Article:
"Like most of our team members, I went into this with no idea of what to expect," said team member and Aztec, New Mexico, native Sheri Halsted. "I knew I wanted to see the major difference in our two agriculture industries, but I also was so excited to just explore another country. Honestly, I didn't know what I didn't know, I thought all agriculture around the world was similar, and I was definitely wrong. Each country has such a different approach to each challenge, and this trip opened my eyes to many different ways to reach one common goal."
Other members of the Meat Judging Team who competed in Australia are:
Anna Carlock from Joshua
Abram Chaparro from Clayton, New Mexico
Wilse Corliss from Estancia, New Mexico
Nicole Cox from Hutto
Britt Dixon from Roswell, New Mexico
Denise Guevara from Garden City, Kansas
Ty Largent from Redding, California
Greg Matocha from La Grange
Connor McKinzie from Stephenville
Anna Scott from Hazlehurst, Georgia
Taylor Schertz from Krum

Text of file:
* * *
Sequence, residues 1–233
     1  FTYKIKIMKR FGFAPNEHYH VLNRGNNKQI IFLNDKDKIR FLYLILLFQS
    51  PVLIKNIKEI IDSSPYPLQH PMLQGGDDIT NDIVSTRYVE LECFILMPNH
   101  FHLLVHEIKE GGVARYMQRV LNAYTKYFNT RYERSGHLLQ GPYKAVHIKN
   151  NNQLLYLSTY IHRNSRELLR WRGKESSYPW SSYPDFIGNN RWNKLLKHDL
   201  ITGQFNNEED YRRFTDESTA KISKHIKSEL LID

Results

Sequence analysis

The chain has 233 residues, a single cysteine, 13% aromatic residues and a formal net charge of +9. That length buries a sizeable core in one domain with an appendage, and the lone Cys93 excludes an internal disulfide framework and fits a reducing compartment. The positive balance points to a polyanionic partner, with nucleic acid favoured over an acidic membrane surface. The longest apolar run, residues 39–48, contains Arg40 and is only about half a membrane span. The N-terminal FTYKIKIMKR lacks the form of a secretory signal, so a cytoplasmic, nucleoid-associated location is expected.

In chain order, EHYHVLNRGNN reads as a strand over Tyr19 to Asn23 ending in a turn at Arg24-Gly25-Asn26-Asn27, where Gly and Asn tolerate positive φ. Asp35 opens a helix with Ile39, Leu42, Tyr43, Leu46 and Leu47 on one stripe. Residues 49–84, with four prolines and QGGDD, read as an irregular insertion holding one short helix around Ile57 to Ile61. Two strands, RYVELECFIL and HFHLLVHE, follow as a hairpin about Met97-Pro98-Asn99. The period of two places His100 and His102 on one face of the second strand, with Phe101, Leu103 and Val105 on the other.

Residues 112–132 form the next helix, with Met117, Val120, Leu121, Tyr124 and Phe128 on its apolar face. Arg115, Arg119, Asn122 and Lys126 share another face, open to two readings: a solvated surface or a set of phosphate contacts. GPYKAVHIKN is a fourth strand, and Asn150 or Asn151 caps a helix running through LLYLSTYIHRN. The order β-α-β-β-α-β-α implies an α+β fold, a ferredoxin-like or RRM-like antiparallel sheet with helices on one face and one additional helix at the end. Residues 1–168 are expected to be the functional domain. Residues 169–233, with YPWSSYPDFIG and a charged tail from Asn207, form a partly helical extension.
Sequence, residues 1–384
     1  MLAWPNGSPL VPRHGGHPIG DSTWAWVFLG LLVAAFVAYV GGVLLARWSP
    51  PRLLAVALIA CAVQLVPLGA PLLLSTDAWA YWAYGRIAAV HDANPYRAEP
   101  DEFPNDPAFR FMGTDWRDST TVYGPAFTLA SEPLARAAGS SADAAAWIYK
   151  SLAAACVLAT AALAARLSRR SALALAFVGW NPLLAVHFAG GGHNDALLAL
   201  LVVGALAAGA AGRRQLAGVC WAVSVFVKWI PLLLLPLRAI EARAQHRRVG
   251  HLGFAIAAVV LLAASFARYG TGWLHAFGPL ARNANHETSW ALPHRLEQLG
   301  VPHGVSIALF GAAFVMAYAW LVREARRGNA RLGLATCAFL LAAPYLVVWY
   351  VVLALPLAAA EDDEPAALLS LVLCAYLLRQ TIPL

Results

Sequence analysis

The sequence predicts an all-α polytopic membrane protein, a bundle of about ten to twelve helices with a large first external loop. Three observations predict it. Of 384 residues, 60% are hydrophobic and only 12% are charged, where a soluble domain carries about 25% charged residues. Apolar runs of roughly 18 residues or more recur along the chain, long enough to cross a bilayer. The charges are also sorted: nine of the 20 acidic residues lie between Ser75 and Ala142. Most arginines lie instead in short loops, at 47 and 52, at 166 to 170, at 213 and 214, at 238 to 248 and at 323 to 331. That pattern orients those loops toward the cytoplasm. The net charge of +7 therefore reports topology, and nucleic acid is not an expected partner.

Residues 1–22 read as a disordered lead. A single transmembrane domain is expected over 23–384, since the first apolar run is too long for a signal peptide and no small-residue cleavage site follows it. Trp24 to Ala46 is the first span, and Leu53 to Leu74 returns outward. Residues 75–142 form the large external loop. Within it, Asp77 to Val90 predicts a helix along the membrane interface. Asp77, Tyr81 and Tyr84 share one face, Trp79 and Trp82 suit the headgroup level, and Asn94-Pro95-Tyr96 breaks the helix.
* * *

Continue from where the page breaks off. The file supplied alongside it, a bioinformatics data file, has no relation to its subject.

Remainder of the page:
Keith Shoemake from Spring Branch
Tanner Thompson from Florence
Paige Williams from Austin
Not only did the students gain valuable insight and experience they can take with them into future competitions and beyond, but the experience also forced the judging team coaches to be on point with their instructions.
Cole Perkins, who coached the team along with fellow graduate student Tommy Fletcher and San Antonio Stock Show and Rodeo Distinguished Chair in Meat Sciences professor Mark Miller, said the different Australian cuts of meat forced him to make sure he knew the cuts before passing that knowledge to the team members. He also had to be sure he understood the differences between Australia and U.S. in terms of grading and contest components.